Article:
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Old 02-12-2006, 11:02 AM   #15
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1984 Ford B-700 here, 460 with a Holley Economaster, 5-speed Spicer, highway gears (60MPH is ~23-2400RPM), 10R22.5 drive tires--about 7MPG, 87-octane gas.
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Old 02-25-2006, 12:51 PM   #16
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What kind of mileage?

I just brought home my 1983 International S1700, 392 V-8 running propane into an Allison automatic (non-lockup type) and a 6.57 rear end. Averaged 55 mph - and too high an rpm to do it (got some work to do in this beast!). Averaged 3.25 mpg - of course, propane has less "oomph" per gallon than gas so some of that is expected. Fix the transmission slippage, and maybe a new rear end ratio - I hope to bump that up a bit.
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Old 02-27-2006, 04:48 PM   #17
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With mine, if I keep my old Holly carb in good shape... which means rebuilding about every 5 years or so.... I get a good solid 8mpg. Not too bad for a 33' land yacht. cheers! sturgy
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Old 04-27-2006, 08:11 AM   #18
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Quote:
Originally Posted by adamb
My bus is a 59 passenger Thomas with a 366 Chevy (gas) engine. I've been playing around with driving speed vs. fuel efficiency. It seems I can nearly double my fuel efficiency when driving 55-60 as opposed to 70-75, according to my speedometer. When pushing it hard, I may get as low as 3.7 mpg or so. When taking it easy, I've seen as high as 7 mpg and slightly above. I'm yet to determine what my rear gear ratio is, since the tag was completely wore out on it. I'd love to change the rear end, or put some different gears in so I could get better mileage at the higher speeds. I guess for me, and I imagine most anyone, if you're not in a hurry, driving slower can really pay off, especially with gas prices now.
Any idea what RPM's your 366 is running at 70 mph?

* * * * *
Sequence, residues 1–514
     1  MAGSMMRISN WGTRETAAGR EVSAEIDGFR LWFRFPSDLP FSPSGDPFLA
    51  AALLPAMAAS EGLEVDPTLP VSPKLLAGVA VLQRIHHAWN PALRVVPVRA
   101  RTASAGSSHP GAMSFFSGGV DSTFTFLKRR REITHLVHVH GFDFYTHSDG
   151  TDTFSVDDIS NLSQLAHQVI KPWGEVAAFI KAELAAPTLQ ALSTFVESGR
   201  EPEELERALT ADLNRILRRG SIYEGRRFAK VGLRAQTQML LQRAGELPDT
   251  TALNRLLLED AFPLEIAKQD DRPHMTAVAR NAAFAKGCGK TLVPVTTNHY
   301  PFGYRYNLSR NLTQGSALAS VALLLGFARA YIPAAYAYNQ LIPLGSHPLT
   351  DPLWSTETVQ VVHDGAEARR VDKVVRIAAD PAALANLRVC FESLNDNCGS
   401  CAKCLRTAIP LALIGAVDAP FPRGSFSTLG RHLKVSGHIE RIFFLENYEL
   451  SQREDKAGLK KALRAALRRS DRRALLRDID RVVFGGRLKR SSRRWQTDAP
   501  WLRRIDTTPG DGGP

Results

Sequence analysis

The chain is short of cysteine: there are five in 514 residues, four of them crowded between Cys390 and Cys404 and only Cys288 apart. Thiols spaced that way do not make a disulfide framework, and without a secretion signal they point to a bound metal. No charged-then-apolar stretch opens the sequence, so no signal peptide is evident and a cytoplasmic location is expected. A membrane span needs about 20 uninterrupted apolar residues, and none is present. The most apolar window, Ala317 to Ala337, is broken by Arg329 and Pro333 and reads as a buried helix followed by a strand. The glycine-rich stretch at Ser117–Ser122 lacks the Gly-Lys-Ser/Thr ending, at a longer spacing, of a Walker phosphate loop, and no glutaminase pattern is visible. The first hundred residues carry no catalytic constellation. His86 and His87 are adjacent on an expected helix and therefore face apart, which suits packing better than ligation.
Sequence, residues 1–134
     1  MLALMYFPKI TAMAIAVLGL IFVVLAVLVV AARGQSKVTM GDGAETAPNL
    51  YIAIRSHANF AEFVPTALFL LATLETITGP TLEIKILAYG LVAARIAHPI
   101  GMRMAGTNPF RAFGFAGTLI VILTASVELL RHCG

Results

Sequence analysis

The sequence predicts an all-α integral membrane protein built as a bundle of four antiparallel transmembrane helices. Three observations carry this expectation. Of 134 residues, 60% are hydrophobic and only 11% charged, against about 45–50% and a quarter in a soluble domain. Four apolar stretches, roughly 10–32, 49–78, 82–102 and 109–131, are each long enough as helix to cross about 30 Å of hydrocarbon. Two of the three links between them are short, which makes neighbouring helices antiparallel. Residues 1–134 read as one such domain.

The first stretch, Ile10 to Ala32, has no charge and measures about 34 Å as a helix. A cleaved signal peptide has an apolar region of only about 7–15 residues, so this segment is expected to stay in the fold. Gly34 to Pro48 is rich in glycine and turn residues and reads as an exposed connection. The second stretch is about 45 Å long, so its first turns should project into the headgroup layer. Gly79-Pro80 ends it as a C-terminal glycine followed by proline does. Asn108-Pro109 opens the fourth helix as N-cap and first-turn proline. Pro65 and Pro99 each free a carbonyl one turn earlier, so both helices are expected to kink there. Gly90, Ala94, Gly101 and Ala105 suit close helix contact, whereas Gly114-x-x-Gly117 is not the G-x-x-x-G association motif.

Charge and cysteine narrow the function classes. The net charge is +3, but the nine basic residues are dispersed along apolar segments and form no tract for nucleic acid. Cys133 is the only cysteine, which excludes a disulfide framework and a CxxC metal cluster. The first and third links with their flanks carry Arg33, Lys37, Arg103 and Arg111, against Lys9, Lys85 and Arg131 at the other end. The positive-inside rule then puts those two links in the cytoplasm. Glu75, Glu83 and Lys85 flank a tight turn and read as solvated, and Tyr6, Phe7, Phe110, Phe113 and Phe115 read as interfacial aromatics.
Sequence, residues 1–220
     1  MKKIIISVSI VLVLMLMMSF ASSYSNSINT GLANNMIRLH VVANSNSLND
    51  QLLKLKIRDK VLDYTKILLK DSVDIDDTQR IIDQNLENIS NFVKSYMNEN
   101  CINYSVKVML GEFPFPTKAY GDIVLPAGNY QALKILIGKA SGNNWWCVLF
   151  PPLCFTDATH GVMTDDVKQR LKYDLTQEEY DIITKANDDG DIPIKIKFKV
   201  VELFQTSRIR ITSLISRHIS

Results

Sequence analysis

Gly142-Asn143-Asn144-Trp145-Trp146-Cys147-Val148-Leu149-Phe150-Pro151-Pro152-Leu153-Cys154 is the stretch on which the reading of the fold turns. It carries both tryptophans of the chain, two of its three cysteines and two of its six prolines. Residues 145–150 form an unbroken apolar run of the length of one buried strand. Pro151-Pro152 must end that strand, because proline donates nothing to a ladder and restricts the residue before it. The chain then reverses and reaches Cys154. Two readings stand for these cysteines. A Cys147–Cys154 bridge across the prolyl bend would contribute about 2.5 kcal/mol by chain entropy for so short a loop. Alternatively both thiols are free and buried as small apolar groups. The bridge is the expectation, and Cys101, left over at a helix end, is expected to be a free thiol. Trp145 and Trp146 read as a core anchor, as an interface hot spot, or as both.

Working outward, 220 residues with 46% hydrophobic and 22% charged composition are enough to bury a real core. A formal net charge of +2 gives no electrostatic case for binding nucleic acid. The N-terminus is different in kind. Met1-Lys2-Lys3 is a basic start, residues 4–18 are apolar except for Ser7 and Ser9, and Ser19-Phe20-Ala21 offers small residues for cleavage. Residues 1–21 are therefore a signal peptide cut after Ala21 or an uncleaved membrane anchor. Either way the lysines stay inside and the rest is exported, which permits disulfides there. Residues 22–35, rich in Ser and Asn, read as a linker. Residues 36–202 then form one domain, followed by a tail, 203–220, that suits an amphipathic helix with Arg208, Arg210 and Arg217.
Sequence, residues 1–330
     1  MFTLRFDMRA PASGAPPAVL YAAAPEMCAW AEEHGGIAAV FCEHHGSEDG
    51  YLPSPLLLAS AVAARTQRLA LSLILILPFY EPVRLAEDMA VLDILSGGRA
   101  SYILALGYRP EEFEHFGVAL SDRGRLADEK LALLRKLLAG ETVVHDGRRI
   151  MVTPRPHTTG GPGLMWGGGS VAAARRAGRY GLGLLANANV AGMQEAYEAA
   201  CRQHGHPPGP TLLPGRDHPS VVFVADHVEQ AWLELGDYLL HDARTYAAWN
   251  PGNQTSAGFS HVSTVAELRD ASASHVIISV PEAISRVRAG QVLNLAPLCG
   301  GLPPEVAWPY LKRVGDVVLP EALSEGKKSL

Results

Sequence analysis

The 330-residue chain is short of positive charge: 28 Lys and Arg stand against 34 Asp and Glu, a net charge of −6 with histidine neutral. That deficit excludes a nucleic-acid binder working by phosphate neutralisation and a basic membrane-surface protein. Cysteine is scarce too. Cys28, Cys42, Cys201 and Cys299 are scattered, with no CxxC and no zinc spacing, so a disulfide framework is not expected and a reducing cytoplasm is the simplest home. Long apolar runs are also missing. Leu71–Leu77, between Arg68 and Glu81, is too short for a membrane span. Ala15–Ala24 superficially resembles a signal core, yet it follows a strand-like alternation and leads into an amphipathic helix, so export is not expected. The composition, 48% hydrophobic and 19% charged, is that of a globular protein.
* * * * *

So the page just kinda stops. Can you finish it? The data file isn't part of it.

I have a 87 Chevy with the 366 dunno the ratio either but its about 3600 RPM at 65 mph I got about 6 mpg running around the country side just taking a joy ride running 60-65 mph

Will it hurt the 366 to run 3600 RPM for the next 40k miles? Anybody know the design RPM ?
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Old 04-27-2006, 11:08 AM   #19
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The 366 is a well built industrial gasser. This means all the internals are forged including the crank, rods, and pistons. Unfortunately it has big block mass and they are notoriously unbalanced. That tends to lend them well to a long life of low rpm cruising. That said...I know a guy who uses the crank from a 366 in his 406 BBC powered mud racer because they're cheap and the forged nature makes them strong. Out the backdoor of the race track he's turning 6500 rpm (1:1 tranny ratio, 1.96 t-case, 5.38 gears, 38.5 boggers).

I think it would be better to slow that motor down, but on the otherhand....I think you'll have a hard time killing it. Install an oil cooler and perhaps a HVHP oil pump (cheap for a big block chevy) just to make sure everything stays well lubed and cool. If it weren't for those stupid peanut ports, I think a 366 would make a great rodding motor, especially with that tall deck for running a long stroke
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Old 08-15-2006, 04:38 PM   #20
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gas mileage

22,000 pounds in RV form when empty (no bikes, camping gear etc), 427 gas motor, allison, 10:00R20 tires, 6:83 rearend, 3200 RPM at 60 MPH and i get 6.1 MPG with a load, probably a little better unloaded. drops to 5 MPG in a 40 MPH headwind across S.D. rides like a dream, was comtemplating air ride but rides fine as is. sportyrick